That’s what happens when you do trading the right way, and the concept question of “value” doesn’t matter a damn bit if you’re doing things the right way.

Thanks for reading,

Corbin Hosler

@Chosler88 on Twitter

16 thoughts on “Insider: Value is Not a Dirty Word

  1. well done sir. My main qualms with the whole "value" question are A) everyone is just rattling off the same script, and it takes away the whole allure that you mentioned of "meeting new people" it's almost like dealing with a bot on MTGO. B) It shows what their priority is. it's actually extremely revealing. When someone looks at my binder and points at all the hot staples asking what I value them at, I know exactly what their up to. Does this mean I'll never trade with them? Not neccessarily, but I need to change my approach to give me the edge i want in the trade.

    It's not that "being a value trader" is inherently wrong, its that being a robot is not to your benefit, and trading with robots is usually not to your benefit. So unplug their power cord in anyway you can before talkign prices. I talked abou tthis a little bit in my column last week.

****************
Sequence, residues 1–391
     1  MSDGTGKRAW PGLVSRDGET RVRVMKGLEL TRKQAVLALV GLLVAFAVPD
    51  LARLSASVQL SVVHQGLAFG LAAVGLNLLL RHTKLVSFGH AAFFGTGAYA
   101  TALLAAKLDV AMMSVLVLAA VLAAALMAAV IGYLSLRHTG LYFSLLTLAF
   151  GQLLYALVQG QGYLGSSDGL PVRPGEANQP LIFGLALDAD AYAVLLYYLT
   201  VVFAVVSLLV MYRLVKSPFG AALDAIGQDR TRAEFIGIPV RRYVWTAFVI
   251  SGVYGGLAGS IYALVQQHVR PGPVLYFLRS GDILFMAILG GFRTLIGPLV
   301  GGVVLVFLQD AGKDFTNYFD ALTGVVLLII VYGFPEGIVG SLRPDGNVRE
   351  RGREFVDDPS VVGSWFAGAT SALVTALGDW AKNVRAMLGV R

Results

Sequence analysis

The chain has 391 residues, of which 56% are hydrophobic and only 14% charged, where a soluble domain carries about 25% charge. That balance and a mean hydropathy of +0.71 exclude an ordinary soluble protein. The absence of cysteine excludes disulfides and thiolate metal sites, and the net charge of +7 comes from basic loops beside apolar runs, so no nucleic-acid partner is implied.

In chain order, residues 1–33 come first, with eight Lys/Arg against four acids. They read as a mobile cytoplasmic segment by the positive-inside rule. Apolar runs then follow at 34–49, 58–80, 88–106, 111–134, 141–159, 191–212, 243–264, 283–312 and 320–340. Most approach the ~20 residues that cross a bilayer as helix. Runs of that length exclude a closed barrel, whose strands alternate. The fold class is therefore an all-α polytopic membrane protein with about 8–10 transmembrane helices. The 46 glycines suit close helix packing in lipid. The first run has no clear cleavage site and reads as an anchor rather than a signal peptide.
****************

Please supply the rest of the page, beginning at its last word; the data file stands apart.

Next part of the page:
2. Corbin, every time I read an article by you, I think to myself. "This is golden. The best advice I've ever gotten. How could anyone top this!?"

    Then I read your next article. Keep it up!

  3. Great article, it's good to hear one of the names leading this age of trading offering a different perspective on what some of the other names have discussed.

    That being said: I feel as though this article would be better served as a free article. This is more of a discussion about value trading than it is financial advice. Throughout the read I felt as though, while being a great article, it wasn't written with me, a subscriber to QS and fellow trader/seller, as the audience in mind. I feel it was more geared towards the people "attacking" value traders, the ones who think "value" is a dirty word that dont trade, as well as those who are "in" the scene.

    Having this only available to QS insiders means it never reaches those who really need this message, it would better serve the trading community as a free article imho. This isn't revealing the next biggest spec targets, and doesnt go too in depth in terms of trading strategies, etc, that you would expect a QS insider article to do. I don't see the harm in turning it loose to the free side, it could even garner more traffic that may turn into subscribed readership.